in HortScience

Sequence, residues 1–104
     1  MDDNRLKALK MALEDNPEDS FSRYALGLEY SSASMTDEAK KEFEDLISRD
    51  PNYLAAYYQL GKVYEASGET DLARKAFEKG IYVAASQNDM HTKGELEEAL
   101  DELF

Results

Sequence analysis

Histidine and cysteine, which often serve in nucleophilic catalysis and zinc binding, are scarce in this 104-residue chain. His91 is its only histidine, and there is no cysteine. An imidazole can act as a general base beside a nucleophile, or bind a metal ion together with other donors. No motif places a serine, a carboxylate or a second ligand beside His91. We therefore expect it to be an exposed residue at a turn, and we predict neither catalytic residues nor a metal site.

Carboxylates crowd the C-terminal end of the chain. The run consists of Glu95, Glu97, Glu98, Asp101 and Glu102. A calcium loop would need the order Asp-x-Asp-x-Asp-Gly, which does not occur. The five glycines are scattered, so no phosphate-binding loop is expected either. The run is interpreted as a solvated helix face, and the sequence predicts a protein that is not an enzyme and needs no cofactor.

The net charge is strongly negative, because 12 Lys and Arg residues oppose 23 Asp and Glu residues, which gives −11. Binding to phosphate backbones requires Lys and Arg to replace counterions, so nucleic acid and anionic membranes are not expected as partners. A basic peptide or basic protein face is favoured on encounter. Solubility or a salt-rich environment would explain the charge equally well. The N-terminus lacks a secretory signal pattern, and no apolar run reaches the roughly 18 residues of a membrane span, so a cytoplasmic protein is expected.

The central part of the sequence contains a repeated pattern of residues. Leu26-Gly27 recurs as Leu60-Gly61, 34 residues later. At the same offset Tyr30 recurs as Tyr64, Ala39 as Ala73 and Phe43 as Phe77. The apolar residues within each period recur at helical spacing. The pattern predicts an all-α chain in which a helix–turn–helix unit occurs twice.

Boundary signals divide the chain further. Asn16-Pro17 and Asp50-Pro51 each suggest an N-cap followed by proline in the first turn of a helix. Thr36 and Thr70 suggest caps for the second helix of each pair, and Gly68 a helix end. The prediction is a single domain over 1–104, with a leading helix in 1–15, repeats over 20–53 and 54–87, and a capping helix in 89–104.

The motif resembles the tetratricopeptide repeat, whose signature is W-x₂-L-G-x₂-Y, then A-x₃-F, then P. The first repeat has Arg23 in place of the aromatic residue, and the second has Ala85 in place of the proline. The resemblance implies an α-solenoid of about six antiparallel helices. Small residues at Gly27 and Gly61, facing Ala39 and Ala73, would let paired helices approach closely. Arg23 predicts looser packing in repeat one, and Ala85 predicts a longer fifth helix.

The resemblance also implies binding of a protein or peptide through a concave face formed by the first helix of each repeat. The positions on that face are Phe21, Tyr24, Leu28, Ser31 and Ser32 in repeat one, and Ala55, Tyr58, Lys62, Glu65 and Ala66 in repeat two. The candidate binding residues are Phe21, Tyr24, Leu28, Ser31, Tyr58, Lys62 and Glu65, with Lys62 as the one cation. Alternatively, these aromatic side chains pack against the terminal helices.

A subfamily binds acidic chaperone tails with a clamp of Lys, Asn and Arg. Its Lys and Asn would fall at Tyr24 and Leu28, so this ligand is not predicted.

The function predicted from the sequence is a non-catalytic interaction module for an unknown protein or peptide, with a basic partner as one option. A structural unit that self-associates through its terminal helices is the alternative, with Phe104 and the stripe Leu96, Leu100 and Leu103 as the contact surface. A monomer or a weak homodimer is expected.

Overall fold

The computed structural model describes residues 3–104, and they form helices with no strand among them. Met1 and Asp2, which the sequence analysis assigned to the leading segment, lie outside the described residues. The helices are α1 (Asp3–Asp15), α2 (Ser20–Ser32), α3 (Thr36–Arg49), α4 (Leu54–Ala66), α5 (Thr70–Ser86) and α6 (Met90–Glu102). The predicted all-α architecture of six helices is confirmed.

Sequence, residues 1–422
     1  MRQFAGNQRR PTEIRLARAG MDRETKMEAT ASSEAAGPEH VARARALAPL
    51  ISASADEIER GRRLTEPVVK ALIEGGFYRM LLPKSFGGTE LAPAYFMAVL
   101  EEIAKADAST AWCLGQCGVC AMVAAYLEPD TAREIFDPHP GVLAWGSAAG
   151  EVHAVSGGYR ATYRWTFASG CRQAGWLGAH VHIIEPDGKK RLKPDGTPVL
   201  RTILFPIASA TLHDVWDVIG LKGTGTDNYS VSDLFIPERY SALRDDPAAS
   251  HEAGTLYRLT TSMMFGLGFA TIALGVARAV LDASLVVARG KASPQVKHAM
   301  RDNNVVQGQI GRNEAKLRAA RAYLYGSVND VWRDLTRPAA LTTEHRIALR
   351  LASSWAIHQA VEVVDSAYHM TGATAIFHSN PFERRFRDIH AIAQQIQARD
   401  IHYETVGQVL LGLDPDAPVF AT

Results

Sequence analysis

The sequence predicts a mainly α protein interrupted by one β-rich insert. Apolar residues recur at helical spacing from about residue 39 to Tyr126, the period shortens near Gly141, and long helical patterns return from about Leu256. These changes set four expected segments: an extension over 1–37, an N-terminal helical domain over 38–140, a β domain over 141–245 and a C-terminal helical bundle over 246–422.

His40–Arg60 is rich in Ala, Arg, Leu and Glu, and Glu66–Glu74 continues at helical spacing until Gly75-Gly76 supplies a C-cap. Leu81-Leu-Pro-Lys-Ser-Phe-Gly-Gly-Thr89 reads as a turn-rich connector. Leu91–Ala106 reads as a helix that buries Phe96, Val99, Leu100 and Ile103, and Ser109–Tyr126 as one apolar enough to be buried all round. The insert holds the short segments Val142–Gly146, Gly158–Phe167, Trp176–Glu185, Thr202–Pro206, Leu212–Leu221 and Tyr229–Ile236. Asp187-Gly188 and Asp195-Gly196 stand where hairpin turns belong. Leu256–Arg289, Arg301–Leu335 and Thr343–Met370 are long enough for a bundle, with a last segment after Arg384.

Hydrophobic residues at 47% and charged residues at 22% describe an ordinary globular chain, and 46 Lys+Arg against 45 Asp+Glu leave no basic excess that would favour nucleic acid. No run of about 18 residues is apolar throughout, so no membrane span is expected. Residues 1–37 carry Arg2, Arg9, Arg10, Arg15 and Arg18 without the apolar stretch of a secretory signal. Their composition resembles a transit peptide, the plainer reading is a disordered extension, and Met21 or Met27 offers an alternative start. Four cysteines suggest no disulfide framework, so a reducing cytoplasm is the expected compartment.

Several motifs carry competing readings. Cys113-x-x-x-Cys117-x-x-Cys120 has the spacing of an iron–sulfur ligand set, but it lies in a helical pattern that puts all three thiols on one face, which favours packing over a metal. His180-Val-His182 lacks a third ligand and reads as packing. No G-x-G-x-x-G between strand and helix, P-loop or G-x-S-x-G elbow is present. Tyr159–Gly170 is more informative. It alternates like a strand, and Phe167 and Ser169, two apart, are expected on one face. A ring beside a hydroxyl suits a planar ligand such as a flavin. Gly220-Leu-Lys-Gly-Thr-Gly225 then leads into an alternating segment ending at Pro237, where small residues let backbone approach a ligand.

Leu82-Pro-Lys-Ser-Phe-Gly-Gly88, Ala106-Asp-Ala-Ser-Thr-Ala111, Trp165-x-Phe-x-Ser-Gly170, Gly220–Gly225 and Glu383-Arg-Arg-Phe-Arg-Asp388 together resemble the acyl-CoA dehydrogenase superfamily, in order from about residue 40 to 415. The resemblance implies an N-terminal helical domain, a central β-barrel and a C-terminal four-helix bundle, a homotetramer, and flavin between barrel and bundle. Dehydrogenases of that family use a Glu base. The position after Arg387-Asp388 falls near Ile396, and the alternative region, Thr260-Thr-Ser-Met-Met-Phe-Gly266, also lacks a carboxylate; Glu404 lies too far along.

The parasitic eastern mistletoe, Phoradendron serotinum is a perennial evergreen that infests trees including the deciduous pecan [Carya illinoensis (Wangenh.) C.Koch]. Various chemical and/or mechanical methods of mistletoe eradication have been studied. An efficient method of mistletoe removal in deciduous trees involves the use of ethephon, an ethylene-releasing compound. Mistletoe in dormant `Stuart' trees and `Desirable' trees at bud break were treated on 15 Mar. with 0, 2500, 5000, 7500, or 10,000 ppm ethephon [pH of treatment solution adjusted with 1.2 ml/L of a buffering agent (pH +, Stoller Chemical Co.)]. `Desirable' trees at the prepollination stage of development were treated with 0, 312, 625, 1250, or 2500 ppm + 1.2 ml/L of the buffering agent on 27 Mar. 1991. All ethephon treatments except 312 and 625 ppm resulted in >95% defoliation on 18 Apr. All chemical treatments resulted in abscission cf some mistletoe branchlets. There was a negative correlation between ethephon concentration and mistletoe regrowth on 2 Dec. for both cultivars. The most effective treatment was 2500 ppm applied at prepollination on `Desirable'. This treatment resulted in no mistletoe regrowth on 80% of the trees. No phytotoxicity to the pecans was observed.

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